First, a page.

Although this is not a standard romantic novel, the ending does live up to the genre (wish-fulfilment and all) and yes, I enjoyed it. If you’re easily offended or are looking for a genteel and/or gentle romance, this is not the book for you. I’d recommend reading through the sample and being prepared for a full-on whirlwind soap, that stretches the limits of credibility (and for some, perhaps, of good taste), and mixes a lot of other genres. If all that doesn’t scare you, give it a go! It will be a wild ride!

I share below an excerpt from the book, so you can get an idea for yourselves:

Chapter One

Angel Gomez hissed under her breath.

Claro. Of course. If she was going to get a paper cut, it would be from the page illustrating the male reproductive system. The twenty-three-year-old sucked at the thin line of blood on the web of her hand, squinting hard at the flayed cojones in her anatomy textbook.

As a nursing student, Angel knew the male anatomy— from the bulb to the external urinary meatus—but her ability to reel off the Latin names of penis parts seemed to scare the living, breathing version away.

Not that I want a man, she reminded herself, her inner voice stern. Focus, girl.

Dark spirals of hair popped free from her ponytail as she bent closer to her textbook. Concentration was elusive. She closed the window next to her with a shriek of metal on metal, shutting out the gray February breeze and the number 4 train running on the elevated tracks down Jerome Avenue. She tilted her head, listened.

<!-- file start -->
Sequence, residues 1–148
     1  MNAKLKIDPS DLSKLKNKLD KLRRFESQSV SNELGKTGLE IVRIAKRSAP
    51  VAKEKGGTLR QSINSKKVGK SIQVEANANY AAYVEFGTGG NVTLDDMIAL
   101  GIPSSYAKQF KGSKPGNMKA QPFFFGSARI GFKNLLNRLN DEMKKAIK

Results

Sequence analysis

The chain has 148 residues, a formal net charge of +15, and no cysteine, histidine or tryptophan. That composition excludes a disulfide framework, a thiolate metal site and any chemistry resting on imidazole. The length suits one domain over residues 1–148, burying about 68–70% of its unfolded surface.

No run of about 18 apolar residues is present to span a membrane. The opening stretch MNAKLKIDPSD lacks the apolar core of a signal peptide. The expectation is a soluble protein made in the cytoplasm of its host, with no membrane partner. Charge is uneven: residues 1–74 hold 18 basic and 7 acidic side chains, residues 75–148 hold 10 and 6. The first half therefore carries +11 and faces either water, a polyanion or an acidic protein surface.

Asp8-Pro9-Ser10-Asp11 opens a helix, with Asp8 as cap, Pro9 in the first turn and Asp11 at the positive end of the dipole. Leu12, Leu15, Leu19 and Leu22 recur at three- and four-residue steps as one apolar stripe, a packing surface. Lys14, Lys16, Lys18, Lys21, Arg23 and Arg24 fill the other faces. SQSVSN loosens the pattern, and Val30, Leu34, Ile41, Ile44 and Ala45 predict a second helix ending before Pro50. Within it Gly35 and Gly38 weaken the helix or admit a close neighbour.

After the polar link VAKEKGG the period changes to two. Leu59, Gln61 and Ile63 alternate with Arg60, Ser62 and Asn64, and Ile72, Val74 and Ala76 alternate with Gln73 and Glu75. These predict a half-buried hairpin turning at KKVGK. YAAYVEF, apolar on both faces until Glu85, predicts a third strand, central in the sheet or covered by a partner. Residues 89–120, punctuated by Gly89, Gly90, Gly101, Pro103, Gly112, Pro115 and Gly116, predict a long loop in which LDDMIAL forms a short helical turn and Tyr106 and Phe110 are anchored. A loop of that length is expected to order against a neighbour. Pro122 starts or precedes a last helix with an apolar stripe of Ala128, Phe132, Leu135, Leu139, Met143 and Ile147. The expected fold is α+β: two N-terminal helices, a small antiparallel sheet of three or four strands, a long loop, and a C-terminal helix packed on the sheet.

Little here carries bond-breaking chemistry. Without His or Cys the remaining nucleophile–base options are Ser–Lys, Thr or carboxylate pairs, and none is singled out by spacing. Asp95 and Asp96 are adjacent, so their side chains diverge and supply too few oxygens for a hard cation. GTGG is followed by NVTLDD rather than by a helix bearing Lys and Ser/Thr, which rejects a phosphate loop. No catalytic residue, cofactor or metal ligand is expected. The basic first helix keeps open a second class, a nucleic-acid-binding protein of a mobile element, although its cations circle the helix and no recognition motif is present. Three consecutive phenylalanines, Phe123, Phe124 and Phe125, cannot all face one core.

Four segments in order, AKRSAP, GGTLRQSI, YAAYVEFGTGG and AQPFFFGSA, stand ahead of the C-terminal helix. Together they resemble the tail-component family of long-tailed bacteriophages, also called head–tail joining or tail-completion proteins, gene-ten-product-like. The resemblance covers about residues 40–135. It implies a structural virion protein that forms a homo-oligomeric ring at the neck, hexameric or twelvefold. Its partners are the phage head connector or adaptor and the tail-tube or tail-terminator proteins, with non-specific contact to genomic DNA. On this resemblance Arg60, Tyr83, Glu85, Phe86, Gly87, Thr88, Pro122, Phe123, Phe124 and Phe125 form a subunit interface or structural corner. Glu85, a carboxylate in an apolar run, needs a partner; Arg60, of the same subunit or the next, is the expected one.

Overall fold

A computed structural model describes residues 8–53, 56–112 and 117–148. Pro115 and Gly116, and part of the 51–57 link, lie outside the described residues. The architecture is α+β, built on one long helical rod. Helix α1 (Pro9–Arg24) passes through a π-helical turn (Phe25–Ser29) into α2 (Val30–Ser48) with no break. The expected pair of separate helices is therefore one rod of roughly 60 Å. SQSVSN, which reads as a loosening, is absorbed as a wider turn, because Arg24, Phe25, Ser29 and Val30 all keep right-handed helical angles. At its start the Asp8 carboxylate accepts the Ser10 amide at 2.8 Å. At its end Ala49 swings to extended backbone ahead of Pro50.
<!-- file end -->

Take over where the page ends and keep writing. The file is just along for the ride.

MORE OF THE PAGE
What is that? Breathing. It was gaspy, heavy breathing, coming from the depths of the worn corduroy couch behind her. Angel twisted in her chair.

“Jose,” she said, too loudly, knocking pages of lecture notes off her makeshift desk on the radiator.

“Mama, I’m fine,” the seven-year-old boy muttered. He turned up the live radio stream coming from the decrepit laptop and avoided her eyes.

“Go get your inhaler. Now.”

“Just a minute. The Duke is about to pitch.”

Faintly, she could hear Suzyn Waldman, longtime announcer for the Bronx Bolts, adding color to a local charity game. “He’s winding up and . . . another beauty, right over the plate . . . Ohh no, the batter’s hit a hard foul right into the dugout.” The announcer clucked, but then, “What’s this? The Duke seems to want off the mound.”

“No!” Jose yelled at the computer, as if it could hear his complaint.

“His ankle may still be giving him problems.”

“Jose! What’d I tell you?”

Jose’s face shone with perspiration as he stomped past her, wheezing down the hall to his room. That beautiful pouty face, she thought. His bronze complexion, a shade darker than hers, was the perfect blend of her and his father. Jose’s dad was long gone, however—the high school quarterback had disappeared when he found out his fifteen-year-old girlfriend was pregnant, but not before slapping her around, yelling, “That ain’t my kid.” Angel had shoved him into the hallway, slammed the door in his face. She didn’t want him. She didn’t need him.

Two years after Jose was born, her mother died. Angel was seventeen. She almost buckled from the pressure of the responsibility to care for another, tiny human. She had no safety net. His dark eyes, staring up at her with such adoration . . . She’d shoved steel into her spine, stood up straight, and vowed her boy would be safe, happy, and healthy on her watch.